One of the current trends of caffeine lover classifications is your speed of metabolism. Basically, it is categorized into two, which are the “slow” metabolizers and the “fast” metabolizers. Fast metabolizers are caffeine consumers who have a liver that processes caffeine fast enough to the point where you can hardly feel its effect or you can only experience the effect in a short period of time. So here, it wouldn’t matter if you follow the “How to make a bulletproof coffee guide” to the T and drink it; the caffeine will hardly affect you!
Do’s and Don’ts With Caffeine Intake
- Do limit your caffeine intake to the recommended amount of caffeine by EFSA.
- Do try to get to know your body. Caffeine reacts differently to each of us. It is important to know how it affects you personally.
- Do know your teas and coffee. Read each label. Understandably, you have a specific preference in your snack and beverages; however, same as coffee types with distinct taste, each food and beverage contains varying amounts of caffeine. This is important to take note of if you are sensitive to caffeine.
- Don’t take caffeine if you are pregnant, with high blood pressure, or with heart problems.
- Don’t overdose on caffeine. Even if you really need to stay awake!
- Don’t drink or eat caffeinated food and beverages if it is already late at night. This can definitely affect your sleep patterns!
- Don’t intake powdered pure caffeine! Other than the fact that the FDA and the American Academy of Sleep Medicine forbid it, it can negatively affect your health.
FAQ About Caffeine Intake
How long does caffeine stay in your system?
This can vary because metabolism can affect its speed. As I said, caffeine’s half-life is around 3 to 5 hours. The other half is completely dependent on your metabolism, food intake, and other factors.
Can caffeine not affect you?
It can! There are a lot of reasons why caffeine may not affect you. Genetically, we all have different kinds of adenosine receptors and some receptors may not bind well with caffeine; hence it doesn’t affect the person taking it. It can also be because of high tolerance, lack of dosage, and your fast metabolism. It won’t be surprising that despite intaking caffeine, you still feel sleepy!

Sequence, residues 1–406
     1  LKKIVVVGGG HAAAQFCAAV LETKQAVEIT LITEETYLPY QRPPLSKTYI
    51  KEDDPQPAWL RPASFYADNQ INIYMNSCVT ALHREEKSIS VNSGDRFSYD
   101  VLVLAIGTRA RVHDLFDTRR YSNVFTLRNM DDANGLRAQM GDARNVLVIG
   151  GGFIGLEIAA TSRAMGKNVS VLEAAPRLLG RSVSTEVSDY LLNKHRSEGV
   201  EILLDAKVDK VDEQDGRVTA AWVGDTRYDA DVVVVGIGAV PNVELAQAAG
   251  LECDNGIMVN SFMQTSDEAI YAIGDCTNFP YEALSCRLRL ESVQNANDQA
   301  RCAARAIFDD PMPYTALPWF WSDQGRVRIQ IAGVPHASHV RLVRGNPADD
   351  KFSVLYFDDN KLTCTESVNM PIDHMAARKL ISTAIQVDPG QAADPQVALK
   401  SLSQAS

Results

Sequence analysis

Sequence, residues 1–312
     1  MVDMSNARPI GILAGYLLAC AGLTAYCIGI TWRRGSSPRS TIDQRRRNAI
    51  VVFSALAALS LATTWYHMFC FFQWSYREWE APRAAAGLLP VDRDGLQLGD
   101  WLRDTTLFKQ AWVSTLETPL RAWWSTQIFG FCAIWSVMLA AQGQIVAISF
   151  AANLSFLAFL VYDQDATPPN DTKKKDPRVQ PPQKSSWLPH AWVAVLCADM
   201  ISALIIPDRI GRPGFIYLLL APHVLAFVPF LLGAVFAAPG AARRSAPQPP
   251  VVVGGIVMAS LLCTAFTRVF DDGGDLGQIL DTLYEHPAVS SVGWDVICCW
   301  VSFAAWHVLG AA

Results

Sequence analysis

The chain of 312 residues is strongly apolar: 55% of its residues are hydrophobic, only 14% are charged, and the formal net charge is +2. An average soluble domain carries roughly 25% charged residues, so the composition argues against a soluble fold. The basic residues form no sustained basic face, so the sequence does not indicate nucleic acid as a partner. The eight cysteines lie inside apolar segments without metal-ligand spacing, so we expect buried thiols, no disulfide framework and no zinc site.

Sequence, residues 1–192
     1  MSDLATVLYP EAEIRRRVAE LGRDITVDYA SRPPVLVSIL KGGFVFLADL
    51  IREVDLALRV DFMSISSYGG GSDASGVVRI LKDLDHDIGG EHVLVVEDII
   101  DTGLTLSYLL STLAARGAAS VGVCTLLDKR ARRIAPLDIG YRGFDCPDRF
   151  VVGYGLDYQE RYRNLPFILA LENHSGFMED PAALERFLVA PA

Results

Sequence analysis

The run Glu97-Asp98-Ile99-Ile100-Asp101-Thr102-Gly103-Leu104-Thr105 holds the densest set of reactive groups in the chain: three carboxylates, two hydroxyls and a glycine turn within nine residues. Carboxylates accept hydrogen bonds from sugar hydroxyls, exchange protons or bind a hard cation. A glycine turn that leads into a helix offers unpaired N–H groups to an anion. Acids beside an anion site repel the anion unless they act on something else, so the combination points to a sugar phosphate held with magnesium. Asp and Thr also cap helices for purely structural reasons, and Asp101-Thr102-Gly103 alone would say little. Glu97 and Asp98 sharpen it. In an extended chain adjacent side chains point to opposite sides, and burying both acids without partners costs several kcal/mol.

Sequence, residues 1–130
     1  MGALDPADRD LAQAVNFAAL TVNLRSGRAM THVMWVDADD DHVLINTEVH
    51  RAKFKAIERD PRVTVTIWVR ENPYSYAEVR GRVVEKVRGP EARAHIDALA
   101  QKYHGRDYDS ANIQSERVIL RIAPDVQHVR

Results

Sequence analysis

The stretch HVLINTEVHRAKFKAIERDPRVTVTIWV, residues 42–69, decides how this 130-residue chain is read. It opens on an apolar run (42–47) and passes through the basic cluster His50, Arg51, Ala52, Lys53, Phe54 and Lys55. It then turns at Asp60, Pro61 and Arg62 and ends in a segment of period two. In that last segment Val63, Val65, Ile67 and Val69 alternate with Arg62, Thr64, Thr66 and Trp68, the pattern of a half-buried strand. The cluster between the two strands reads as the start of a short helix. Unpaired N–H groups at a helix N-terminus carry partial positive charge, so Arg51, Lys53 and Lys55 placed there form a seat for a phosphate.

Is caffeine bad for your heart?
Anything too much can be bad for a person’s health. Although caffeine had always been associated with the risk of coronary heart disease, most of the studies regarding this matter are conflicting. However, one of the additional effects of caffeine is palpitation or increased heart rate and also breathing rate, an occurrence that may be bad for the heart if it happens repeatedly.
Is caffeine more effective on an empty stomach?
There’s little to no evidence that caffeine intake with an empty stomach is more effective versus when it is full, the same as if it will increase acidity and indigestion. What is more important is knowing how your body reacts to caffeine since that would determine the drug’s effectiveness and side effects.
How can I drink coffee for maximum effect?
Maximizing the effect of caffeine can be done through various means. To get the benefits of coffee, specifically being awake and alert, it would take more than getting a brewer for coffee and an alarm clock! It involves strategies such as proper timing of when you are going to drink the coffee with respect to your cortisol level, amount of adenosine, and the half-life of caffeine. You must also note if you have been taking caffeine regularly and decreasing your intake to avoid caffeine tolerance and check if you have the right dose for you to feel the effects and benefits.
Caffeine has many benefits and side effects depending upon how and when you have consumed it, the kind and dose you had taken, and your body reaction and genetics. So before you buy that blender that will grind your coffee with ease or that percolator so that your coffee can have a smoother texture and taste, make sure that you know yourself well to adjust your caffeine intake to harvest its advantages and avoid its negative side effects. After all, coffee doesn’t stay fresh for long.